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Voters in the UK will head to the polls in two by-elections that could give an indication of the scale of the challenges facing the main political parties ahead of a national contest later this year. Prime Minister Rishi Sunak is braced for tests in Wellingborough and Kingswood, where Labour hopes to flip Tory majorities in the tens of thousands. Headlines this week have been dominated by a different by-election – the upcoming Rochdale vote, in which Labour's candidate has had party support withdrawn over remarks he made about Israel and Jewish people. But Thursday's results will also be significant, with a Tory defeat in either constituency meaning that the government has clocked up more by-election losses in a single parliament than any administration since the 1960s. Both votes are seen as largely two-horse races between Labour and the Conservatives – though the Tories are also threatened by strengthening support for Reform UK, which is targeting disgruntled voters on the right. The circumstances surrounding the by-elections could also prove difficult for the governing party. Kingswood's vote was triggered by Chris Skidmore's resignation as an MP in protest at government legislation to boost North Sea oil and gas drilling. The by-election in Wellingborough comes after former Tory MP Peter Bone received a six-week suspension from the Commons when an inquiry found he had subjected a staff member to bullying and sexual misconduct.

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BROKER RATING CHANGES

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Citigroup raises Kingfisher to 'buy' (neutral) - price target 258 (210) pence

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RBC raises IntegraFin to 'outperform' (sector perform) - price target 330 (280) pence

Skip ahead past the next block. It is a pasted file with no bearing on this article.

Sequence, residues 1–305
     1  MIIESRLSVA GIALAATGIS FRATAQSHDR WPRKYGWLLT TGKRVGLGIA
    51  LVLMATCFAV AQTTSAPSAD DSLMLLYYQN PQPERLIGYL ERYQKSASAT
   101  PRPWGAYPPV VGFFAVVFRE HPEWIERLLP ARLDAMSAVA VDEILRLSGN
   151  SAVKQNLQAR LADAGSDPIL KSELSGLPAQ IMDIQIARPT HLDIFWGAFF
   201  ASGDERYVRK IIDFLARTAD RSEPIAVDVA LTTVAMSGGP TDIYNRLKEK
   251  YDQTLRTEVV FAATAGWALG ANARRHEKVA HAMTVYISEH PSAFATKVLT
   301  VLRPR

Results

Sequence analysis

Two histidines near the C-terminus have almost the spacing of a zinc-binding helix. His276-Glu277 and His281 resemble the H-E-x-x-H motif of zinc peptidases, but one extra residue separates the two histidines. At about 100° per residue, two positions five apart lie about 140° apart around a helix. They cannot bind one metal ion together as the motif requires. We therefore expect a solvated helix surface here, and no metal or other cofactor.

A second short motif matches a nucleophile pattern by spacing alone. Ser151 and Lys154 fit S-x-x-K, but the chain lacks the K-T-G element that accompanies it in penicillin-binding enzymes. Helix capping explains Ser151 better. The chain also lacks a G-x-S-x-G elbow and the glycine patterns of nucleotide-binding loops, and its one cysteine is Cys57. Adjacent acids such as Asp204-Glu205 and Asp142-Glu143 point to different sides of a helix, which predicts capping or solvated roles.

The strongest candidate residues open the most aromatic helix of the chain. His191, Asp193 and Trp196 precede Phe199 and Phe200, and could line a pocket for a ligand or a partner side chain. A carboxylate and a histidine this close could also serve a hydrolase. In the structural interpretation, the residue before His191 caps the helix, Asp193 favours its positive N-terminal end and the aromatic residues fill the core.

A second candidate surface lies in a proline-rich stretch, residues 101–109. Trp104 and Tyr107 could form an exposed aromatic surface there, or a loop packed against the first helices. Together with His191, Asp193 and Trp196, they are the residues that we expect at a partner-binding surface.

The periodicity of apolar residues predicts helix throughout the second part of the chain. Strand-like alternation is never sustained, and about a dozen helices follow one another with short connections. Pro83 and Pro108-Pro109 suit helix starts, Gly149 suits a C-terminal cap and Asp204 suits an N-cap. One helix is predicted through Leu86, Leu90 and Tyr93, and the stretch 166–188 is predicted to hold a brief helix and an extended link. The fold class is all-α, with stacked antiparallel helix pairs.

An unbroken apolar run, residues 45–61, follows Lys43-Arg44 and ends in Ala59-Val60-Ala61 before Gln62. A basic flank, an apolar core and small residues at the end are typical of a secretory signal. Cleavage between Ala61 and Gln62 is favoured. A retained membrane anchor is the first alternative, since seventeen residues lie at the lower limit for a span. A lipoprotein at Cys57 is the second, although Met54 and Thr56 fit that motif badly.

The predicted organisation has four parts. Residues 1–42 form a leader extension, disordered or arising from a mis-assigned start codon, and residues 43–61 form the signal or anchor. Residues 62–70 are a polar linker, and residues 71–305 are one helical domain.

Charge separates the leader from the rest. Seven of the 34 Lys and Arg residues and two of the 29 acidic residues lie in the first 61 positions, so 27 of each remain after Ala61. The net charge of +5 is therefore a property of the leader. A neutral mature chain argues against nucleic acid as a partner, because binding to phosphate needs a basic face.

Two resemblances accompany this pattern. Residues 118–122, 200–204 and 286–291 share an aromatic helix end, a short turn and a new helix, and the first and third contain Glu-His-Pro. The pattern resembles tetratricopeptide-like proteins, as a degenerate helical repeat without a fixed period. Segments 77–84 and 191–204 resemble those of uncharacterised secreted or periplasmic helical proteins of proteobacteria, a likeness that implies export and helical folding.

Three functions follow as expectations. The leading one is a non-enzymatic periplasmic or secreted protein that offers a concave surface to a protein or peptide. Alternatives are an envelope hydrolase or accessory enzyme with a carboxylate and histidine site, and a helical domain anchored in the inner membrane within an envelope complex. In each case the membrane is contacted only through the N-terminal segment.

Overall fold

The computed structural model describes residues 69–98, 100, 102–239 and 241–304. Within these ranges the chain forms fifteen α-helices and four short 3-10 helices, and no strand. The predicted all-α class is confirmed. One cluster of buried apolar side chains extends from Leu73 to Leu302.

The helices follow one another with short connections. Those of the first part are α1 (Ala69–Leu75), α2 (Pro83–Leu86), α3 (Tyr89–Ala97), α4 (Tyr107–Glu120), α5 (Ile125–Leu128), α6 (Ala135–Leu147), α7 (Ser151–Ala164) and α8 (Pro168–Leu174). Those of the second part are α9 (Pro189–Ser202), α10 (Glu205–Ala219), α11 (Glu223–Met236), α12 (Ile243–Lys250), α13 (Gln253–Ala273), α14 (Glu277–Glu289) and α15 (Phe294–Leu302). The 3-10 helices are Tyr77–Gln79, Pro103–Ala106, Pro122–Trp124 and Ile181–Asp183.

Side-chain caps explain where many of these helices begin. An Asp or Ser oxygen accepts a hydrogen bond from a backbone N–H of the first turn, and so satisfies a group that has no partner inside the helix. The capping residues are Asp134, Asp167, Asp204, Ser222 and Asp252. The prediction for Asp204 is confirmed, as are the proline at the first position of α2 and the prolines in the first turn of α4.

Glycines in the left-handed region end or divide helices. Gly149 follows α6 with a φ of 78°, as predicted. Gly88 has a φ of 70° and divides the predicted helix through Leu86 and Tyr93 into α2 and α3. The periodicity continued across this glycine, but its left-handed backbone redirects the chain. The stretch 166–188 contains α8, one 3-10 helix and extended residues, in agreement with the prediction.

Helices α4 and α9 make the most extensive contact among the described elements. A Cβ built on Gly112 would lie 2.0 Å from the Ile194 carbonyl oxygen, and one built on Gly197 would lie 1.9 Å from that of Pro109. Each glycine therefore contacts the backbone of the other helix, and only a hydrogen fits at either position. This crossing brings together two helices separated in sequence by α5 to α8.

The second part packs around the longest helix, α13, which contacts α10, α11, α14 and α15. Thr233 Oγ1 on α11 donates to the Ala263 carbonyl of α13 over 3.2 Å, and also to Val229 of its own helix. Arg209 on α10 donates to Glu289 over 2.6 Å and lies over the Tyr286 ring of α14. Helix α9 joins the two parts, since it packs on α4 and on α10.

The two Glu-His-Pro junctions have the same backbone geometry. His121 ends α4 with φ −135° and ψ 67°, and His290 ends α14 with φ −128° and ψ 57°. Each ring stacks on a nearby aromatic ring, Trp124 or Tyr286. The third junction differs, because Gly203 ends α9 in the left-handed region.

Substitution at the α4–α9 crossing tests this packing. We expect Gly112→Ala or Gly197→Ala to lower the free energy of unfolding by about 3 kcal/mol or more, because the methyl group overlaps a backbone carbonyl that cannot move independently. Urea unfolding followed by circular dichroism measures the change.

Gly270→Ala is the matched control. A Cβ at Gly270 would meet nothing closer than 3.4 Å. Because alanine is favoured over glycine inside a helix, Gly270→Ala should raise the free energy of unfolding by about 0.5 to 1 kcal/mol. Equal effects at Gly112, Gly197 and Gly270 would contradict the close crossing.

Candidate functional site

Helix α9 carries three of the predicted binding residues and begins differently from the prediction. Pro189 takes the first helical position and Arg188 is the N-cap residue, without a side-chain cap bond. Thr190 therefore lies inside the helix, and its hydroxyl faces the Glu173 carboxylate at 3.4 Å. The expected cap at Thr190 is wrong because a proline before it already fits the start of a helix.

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COMPANIES - FTSE 100

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Relx reported earnings growth for 2023 and set out plans to return GBP1.00 billion to shareholders through buybacks this year. The London-based professional information and analytics firm said revenue rose 7.1% in 2023 to GBP9.16 billion from GBP8.55 billion. Its reported pretax profit was 8.6% higher at GBP2.30 billion from GBP2.11 billion. Adjusted pretax profit rose 9.1% to GBP2.72 billion. The figure excludes items such as amortisation of acquired intangible assets and other costs related to acquisitions and disposals. Relx lifted its final dividend by 7.5% to 41.8 pence from 38.9p. Its total dividend amounted to 58.8p, lifted 7.7% from 54.6p. In addition, it plans to deploy GBP1.00 billion for share buybacks in 2024, GBP150 million of which has already been completed. "We continue to see positive momentum across the group, and we expect another year of strong underlying growth in revenue and adjusted operating profit, as well as strong growth in adjusted earnings per share on a constant currency basis," Relx said.

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British Gas owner Centrica lifted its dividend but reported mixed earnings for 2023. Revenue totalled GBP26.46 billion, a rise of 11% from GBP23.74 billion. It swung to a pretax profit of GBP6.47 billion, from a loss of GBP383 million. Excluding exceptional items and some re-measurements, revenue totalled GBP33.37 billion, down 0.8% from GBP33.64 billion. Pretax profit by this measure fell 14% to GBP2.71 billion from GBP3.17 billion. It provides the re-measurement adjusted figures as these items are judged to "distort the group's underlying business performance". Chief Executive Chris O'Shea said: "We are pleased to report that this strong underlying operational performance has continued into early 2024. As you would expect, sharply lower commodity prices and reduced volatility will naturally lower earnings in comparison to 2023 as we return to a more normalised environment. Our performance over the past year has reinforced our confidence in delivering against our medium-term sustainable profit ambitions and continuing to create value for shareholders." Centrica lifted its final dividend by just over a third to 2.67p per share from 2.00p. Its total dividend amounted to 4.00p, up by a third from 3.00p. It said total cash returns to shareholders for 2023 amounted to GBP800 million. Centrica currently has a buyback of GBP1 billion in operation, which runs until July. As of Wednesday, it has bought back GBP727 million under the programme.